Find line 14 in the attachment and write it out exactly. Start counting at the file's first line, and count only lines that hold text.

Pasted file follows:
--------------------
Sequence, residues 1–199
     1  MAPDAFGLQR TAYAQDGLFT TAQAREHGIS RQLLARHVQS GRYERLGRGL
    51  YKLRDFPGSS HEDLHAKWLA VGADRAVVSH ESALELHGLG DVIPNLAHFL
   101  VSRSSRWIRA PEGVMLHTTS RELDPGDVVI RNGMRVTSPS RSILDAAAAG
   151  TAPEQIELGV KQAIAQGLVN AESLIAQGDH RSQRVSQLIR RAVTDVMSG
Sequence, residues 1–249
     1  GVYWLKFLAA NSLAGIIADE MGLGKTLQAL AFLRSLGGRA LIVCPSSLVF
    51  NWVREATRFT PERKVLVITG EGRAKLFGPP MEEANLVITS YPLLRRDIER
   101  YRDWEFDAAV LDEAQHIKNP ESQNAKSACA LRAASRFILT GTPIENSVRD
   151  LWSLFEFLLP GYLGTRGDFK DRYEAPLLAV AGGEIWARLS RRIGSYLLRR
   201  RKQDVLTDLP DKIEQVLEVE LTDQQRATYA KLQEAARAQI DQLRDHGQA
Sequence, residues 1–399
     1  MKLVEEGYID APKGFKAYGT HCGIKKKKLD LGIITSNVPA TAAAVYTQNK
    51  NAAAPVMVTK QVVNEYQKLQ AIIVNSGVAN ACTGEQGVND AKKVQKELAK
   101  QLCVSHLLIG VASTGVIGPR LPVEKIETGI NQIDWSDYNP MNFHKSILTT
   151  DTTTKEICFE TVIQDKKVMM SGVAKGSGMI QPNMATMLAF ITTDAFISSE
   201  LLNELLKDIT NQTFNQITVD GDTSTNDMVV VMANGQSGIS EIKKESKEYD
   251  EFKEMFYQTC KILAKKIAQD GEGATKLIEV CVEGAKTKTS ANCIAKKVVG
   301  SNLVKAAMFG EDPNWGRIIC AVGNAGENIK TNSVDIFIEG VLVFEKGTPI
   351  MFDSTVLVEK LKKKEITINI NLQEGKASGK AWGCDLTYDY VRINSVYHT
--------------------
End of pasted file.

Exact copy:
    51  NAAAPVMVTK QVVNEYQKLQ AIIVNSGVAN ACTGEQGVND AKKVQKELAK